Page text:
Furthermore, the burden of keeping the government running does not fall upon the minority party. It belongs to the party with control of Congress and the White House. The price of enjoying a super majority in Washington is being accountable for governing — for compromising when necessary to ensure that the machinery keeps humming. In this instance, the Democrats have tremendous power to squeeze the Republicans until they produce a bill that protects Dreamers.

To not use that power is political suicide. It will destroy the lives of thousands of young people and the only “reward” that Democrats will receive -- brownie points for being polite, bipartisan dealmakers — will do nothing to encourage and excite the Democratic base as the 2018 elections approach. If anything, it will demoralize and alienate voters that Democrats desperately need to win.

Consider the demographic that’s most likely to cast an all-blue ballot: Millennials.

There are two features of this generation — born between 1982 and 2004 — that Democratic lawmakers must take into account as they decide what to do about DACA. The Millennials now outnumber the Baby Boomers, and they’re also the most racially diverse generation in U.S. history. To a lot of Millennials, Trump’s assault on DACA, viewed in context with the GOP’s abandonment of Puerto Rico, and their austerity-driven tax bill, resembles a kind of velvet-gloved ethnic purge.

For a lot of Millennials, the endgame of Trump’s GOP-approved agenda appears designed to remove a great deal of people from America who aren’t white: either through deportation or starvation. This is an agenda that calls for something louder and much more volatile than the usual decorous displays of Democratic Party pushback. It requires bold, sweeping and aggressive public resistance that liberal voters — especially the young — can not only witness, but emotionally identify with on an existential level.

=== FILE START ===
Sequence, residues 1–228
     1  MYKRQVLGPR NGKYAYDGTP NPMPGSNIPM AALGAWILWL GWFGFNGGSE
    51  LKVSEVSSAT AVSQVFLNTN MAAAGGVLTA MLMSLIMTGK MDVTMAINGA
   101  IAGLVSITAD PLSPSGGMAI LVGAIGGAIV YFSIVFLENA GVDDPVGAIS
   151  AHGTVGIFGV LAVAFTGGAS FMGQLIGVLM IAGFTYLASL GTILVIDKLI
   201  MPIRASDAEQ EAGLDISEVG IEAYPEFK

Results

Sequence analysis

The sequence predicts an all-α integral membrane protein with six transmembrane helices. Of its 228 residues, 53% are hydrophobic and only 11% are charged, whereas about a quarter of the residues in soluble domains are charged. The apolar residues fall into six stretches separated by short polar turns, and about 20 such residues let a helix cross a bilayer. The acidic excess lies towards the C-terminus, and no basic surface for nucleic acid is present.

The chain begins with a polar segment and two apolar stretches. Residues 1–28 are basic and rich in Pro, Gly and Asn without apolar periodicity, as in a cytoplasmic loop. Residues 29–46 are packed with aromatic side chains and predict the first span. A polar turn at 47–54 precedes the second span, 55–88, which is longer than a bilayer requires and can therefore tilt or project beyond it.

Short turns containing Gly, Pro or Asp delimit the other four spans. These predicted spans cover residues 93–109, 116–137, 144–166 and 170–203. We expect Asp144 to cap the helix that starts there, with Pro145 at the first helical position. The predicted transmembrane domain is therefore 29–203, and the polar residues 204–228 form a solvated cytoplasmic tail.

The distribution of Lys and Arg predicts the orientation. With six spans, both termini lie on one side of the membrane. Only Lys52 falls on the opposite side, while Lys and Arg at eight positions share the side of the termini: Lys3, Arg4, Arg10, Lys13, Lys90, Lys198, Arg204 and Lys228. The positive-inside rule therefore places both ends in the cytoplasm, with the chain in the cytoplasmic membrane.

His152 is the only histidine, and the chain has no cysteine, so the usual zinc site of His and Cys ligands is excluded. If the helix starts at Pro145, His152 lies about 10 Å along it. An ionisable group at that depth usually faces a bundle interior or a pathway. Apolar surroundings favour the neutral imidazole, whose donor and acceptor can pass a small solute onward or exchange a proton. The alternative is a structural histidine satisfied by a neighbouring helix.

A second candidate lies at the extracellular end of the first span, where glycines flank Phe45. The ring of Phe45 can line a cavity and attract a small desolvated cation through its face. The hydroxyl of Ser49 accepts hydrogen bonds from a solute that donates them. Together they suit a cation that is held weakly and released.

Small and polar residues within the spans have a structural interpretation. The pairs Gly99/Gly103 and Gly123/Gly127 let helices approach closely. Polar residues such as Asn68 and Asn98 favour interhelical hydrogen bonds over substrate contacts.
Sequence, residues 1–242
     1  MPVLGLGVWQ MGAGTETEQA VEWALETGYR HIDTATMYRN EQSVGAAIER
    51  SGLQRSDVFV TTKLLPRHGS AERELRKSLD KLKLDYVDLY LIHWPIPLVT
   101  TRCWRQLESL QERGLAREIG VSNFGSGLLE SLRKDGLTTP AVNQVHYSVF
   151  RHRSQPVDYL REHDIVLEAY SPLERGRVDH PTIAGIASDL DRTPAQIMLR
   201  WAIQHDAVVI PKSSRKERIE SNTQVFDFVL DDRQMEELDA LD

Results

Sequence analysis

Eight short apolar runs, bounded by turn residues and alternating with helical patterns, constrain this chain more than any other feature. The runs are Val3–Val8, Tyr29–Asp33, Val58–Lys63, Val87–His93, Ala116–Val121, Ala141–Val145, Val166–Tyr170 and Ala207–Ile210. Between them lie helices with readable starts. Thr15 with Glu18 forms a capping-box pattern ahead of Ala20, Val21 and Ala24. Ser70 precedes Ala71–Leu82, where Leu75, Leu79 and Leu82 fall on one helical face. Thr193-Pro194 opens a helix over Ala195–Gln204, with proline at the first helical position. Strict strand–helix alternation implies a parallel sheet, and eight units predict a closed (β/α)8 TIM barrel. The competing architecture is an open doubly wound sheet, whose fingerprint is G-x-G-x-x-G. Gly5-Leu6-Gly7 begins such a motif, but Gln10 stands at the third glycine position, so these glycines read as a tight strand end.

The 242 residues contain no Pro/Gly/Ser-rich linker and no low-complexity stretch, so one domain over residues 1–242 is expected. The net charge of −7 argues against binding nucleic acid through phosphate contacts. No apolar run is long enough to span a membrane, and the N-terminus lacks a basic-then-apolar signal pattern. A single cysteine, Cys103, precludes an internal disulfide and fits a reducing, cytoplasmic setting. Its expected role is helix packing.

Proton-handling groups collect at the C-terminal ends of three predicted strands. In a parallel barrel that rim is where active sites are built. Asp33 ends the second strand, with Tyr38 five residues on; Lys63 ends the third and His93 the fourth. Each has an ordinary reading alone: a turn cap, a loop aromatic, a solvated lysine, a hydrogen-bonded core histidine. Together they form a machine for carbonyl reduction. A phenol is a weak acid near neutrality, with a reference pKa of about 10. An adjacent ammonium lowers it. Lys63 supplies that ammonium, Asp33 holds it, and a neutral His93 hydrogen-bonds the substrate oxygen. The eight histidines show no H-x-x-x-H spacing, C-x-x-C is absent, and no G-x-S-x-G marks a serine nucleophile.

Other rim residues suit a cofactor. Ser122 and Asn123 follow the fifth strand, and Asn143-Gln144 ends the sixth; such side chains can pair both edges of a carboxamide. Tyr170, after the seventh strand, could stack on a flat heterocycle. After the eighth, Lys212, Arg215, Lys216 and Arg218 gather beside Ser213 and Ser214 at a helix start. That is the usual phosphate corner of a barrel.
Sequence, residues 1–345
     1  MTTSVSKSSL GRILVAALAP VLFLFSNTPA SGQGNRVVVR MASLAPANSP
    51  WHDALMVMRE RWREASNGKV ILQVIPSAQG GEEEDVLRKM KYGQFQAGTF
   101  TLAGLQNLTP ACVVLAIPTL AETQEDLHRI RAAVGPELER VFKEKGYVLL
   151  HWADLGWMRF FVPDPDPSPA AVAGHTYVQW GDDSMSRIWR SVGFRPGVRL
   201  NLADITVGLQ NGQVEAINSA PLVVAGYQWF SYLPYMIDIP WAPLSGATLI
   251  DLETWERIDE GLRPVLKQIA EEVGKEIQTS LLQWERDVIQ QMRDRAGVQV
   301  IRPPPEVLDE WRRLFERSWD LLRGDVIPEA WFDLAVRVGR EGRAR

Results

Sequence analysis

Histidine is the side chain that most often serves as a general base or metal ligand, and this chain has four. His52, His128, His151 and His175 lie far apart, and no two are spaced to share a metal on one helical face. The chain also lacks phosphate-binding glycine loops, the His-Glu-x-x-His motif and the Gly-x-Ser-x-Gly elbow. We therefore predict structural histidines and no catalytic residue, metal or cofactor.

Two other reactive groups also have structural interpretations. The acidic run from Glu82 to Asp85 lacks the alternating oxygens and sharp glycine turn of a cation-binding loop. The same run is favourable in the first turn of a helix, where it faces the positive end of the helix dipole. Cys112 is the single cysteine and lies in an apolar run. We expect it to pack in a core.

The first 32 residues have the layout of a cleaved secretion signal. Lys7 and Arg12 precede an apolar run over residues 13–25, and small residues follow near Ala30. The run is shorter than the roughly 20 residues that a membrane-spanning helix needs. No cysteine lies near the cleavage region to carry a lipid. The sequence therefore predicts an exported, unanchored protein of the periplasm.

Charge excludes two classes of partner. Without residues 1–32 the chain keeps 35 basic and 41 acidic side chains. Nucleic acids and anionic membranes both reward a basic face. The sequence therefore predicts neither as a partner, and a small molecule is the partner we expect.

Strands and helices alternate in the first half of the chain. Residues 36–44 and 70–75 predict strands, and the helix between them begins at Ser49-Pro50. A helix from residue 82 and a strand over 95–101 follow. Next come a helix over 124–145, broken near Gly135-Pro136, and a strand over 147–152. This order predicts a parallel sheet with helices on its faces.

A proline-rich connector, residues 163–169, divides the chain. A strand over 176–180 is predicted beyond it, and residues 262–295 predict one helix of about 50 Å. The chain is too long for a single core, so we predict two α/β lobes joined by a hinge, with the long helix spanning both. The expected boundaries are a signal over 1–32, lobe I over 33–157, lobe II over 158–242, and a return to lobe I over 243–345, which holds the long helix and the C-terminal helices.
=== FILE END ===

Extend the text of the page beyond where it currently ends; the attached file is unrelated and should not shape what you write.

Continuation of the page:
The Democrats will not do this unless they are hounded by the voting public. Time and again, the party has compromised the interests of its base in pursuit of deals with the (uncompromising) right, and another month of congressional conduct that upholds the procedural norms that moderate liberals now pine for. But being relentlessly polite and bipartisan when an extremist party controls the government makes no sense. The extremists get to decide where the political center lies, and the voters affected by the extremists’ policies end up feeling abandoned by the “civil” representatives who are supposed to advocate for their well-being.

The DACA decision is a tortuous choice for a party as compulsively beholden to civility as the Democrats are today. But the real choice they face right now is far bigger. Going forward, they can resolve to be a party that’s willing to fight tooth and nail to protect its base. Or they can be a party of historical reenactment players whose public tributes to the bipartisanship of the “calmer” Bush and Clinton years are financed by selling out enormous chunks of their base.

Only one of those parties is capable of taking back Congress this November.

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Miles Howard Twitter Cognoscenti contributor
Miles Howard is a freelance writer who covers culture, travel and transformational politics.